Shakti Kapoor On Shraddha Kapoor-Rohan Shreshtha’s Relationship: ‘He Hasn’t requested Her Hand in Marriage At This Point’


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Actress Shraddha Kapoor’s approaching marriage has been a subject of much conversation for a few years. After a seemingly endless amount of many years, reports of the entertainer sealing the deal with picture taker Rohan Shreshtha have done the rounds, in spite of Shraddha and her dad Shakti Kapoor completely disproving the theory. Shakti Kapoor, while admitting that he couldn’t want anything more than to see her wedded, said that she will choose to make the following stride at the ideal opportunity.

In a meeting to Times Of India, Shakti Kapoor considered Rohan a family companion. In any case, he added that the photographer has not requested to wed Shraddha at this point.
“I have known his father for many, many years. Rohan visits us often, but he has not asked for Shraddha’s hand in marriage. And besides, today children decide these things on their own. If Shraddha tells me that she has chosen a life partner for herself or even if Siddhant does, I will readily agree. Why will I refuse?”

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“But at this point, they are focused on their careers. Marriage is an important decision and the way people are breaking up, it bothers me sometimes. One has to be sure before making a decision like that,” said Shakti Kapoor. Rohan and Shraddha have long been rumoured to be together. They still have not confirmed the relationship officially, however.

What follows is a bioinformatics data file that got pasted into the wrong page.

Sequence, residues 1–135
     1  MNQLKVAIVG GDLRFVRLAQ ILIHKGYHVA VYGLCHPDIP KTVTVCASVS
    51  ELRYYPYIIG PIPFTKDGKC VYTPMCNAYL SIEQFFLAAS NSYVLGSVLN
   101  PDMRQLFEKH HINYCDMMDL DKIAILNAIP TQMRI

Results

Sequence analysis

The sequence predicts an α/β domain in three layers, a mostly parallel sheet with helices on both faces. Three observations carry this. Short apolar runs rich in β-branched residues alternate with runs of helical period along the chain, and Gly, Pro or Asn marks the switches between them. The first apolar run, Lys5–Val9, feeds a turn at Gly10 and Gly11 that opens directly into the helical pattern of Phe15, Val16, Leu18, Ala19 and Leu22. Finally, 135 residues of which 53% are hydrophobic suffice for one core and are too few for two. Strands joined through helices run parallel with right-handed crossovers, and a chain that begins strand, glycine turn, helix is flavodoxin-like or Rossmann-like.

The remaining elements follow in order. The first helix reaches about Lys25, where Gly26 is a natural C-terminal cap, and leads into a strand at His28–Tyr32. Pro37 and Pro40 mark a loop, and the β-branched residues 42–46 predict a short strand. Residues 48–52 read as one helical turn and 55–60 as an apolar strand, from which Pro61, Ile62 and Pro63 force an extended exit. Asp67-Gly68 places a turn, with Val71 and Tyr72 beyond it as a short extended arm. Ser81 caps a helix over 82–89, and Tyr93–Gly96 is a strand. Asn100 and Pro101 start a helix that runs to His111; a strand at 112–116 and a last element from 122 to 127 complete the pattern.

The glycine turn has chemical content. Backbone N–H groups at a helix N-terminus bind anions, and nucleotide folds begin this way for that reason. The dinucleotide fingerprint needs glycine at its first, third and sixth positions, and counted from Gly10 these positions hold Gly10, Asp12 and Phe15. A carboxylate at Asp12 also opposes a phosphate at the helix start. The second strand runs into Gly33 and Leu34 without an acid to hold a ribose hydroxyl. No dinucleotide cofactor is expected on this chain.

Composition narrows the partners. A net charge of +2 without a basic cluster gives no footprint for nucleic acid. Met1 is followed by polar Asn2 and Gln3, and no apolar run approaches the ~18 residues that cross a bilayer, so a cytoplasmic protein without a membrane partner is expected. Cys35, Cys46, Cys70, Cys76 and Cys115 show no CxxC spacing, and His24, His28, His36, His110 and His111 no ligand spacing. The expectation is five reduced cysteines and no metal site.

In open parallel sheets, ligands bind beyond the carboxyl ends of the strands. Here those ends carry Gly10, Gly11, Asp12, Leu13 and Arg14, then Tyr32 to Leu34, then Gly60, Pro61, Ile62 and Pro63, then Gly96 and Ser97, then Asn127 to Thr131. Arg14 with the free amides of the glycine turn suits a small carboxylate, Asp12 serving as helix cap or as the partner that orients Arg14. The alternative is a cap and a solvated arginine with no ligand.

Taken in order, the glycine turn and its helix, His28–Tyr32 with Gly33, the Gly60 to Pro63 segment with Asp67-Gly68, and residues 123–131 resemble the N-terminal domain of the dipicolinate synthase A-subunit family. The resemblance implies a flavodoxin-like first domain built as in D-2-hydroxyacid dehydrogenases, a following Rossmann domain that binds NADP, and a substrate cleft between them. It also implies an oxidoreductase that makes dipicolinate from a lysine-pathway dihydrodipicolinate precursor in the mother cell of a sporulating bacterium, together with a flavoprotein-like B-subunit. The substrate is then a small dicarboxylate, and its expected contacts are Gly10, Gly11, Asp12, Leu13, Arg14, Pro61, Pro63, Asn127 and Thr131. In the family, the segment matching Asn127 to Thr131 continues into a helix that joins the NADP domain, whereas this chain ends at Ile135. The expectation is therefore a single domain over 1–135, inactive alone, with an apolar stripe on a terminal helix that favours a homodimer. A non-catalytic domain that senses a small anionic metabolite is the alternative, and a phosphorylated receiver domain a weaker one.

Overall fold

Responding to the constant rumour that he has controlled Shraddha’s career, the veteran artiste said, “Many people ask me if I stopped Shraddha from becoming an actress, but that is not true. I want her to shine and do well – she is such a hard-working and talented girl. I call her my ‘golden girl’. ” He went on to add that he was proud of the way she had made it in Bollywood. He was also satisfied that his son Siddhant’s film Chehre with Amitabh Bachchan and Emraan Hashmi was given a ‘thumbs up’ from critics.

Shakti Kapoor conceded that occasions are distinctive now and his kids will not get scripts like the ones he got in the 80’s and 90’s. He noticed the development of jobs and how characters are currently being fleshed out. “When I started off in films, there were different roles etched out for a comedian, a vamp, a villain and the leads. Today, a hero could be the villain, the heroine can be doing an item number and the villain sometimes turns out to be the good guy in the end. So, the lines are blurring.”

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